Cold, wet weather and early spring snow have gardeners like Laurie Gano chomping at the bit to start their spring horticulture.
Gano laughed, "It's very frustrating."
Gano has been gardening for over 30 years, and she knows how cold weather can delay getting into the dirt. She told us, "I'd like to be cleaning out my flower beds and getting ready to plant my vegetables and it's too wet and it's too cold."
Jerry Cashman owns Cashman Nursery and Landscaping. He tells NBC Montana the long winter has delayed his nursery by almost 2 weeks. But with the recent break in winter weather, Cashman's crews have finally been able to begin potting trees and removing the protective covers from plants.
Cashman tells us the late spring is bringing in less walk-in business than he would normally see this time of the year.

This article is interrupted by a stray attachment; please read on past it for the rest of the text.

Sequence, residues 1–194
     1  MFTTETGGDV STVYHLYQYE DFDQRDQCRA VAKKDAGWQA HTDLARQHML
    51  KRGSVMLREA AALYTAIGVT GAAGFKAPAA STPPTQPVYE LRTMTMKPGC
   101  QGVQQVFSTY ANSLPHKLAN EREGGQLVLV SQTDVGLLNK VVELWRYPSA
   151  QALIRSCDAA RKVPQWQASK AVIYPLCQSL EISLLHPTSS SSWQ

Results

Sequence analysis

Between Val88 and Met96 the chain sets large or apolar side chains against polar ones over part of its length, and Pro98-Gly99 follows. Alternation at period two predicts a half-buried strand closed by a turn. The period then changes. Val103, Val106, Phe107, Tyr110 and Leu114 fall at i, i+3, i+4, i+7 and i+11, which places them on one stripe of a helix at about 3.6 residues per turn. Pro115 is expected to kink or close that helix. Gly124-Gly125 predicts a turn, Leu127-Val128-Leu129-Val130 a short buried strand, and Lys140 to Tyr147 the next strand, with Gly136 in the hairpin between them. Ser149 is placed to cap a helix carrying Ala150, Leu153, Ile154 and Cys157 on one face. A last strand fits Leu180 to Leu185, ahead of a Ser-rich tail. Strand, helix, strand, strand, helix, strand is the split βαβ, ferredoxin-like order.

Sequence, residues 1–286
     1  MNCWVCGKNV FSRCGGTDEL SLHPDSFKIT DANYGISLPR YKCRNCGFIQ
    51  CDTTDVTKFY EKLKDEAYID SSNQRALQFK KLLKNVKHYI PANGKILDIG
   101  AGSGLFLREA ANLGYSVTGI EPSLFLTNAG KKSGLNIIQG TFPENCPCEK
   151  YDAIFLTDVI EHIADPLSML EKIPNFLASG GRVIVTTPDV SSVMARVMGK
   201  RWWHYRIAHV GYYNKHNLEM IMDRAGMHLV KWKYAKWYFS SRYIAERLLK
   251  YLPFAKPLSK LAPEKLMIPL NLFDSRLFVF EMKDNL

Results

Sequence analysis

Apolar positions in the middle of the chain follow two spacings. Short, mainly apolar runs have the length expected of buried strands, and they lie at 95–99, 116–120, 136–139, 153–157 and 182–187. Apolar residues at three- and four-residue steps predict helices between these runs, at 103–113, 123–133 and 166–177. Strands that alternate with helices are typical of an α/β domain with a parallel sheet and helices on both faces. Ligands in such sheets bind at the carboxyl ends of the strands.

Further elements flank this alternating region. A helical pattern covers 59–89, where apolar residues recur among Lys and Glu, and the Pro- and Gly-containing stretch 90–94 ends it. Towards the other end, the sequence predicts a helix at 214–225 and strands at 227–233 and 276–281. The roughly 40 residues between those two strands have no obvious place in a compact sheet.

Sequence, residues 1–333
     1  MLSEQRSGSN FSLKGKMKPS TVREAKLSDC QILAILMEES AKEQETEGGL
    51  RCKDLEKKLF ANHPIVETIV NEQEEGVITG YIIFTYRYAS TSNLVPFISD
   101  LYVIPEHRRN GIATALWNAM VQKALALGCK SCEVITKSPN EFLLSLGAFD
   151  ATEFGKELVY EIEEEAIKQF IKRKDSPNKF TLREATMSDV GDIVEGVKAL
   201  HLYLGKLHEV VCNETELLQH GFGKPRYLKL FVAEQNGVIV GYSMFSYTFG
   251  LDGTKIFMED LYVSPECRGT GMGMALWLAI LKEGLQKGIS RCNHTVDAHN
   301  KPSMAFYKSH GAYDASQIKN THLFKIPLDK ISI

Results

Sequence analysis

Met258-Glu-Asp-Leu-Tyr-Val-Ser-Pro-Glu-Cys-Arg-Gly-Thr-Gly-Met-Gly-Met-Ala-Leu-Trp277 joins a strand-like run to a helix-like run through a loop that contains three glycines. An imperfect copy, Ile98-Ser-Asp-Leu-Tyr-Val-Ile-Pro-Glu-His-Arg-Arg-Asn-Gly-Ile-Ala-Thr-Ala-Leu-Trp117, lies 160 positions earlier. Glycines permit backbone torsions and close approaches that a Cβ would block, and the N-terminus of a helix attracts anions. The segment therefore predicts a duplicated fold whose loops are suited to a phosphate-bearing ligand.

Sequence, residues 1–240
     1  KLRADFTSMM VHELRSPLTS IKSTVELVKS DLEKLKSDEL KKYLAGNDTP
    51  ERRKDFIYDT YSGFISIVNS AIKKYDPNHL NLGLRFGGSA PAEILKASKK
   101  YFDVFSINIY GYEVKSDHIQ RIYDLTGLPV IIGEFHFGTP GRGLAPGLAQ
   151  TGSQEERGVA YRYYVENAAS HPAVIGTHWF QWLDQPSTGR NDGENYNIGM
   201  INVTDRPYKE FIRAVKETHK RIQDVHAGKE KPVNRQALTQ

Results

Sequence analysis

"There's not happening much yet," said Cashman. "They can't get in the ground, they can't get in the garden and prepare the soil."
But we're told there are also advantages for gardeners that come along with a later start to the spring season.
Cashman explained, "When we have the early springs and plants start early and then you get a severe killing frost late, that's when plant damage happens."
This isn't the first year Cashman has seen a late start to spring, and he isn't worried about his nursery. But he is hoping weather soon permits him and gardeners like Gano to dig in.
Cashman said, "We hope that by next week, with improvements to the weather, that we will be able to get outside and start doing some landscaping."
Gano added, "I think once it quits being winter we'll have a pretty good season."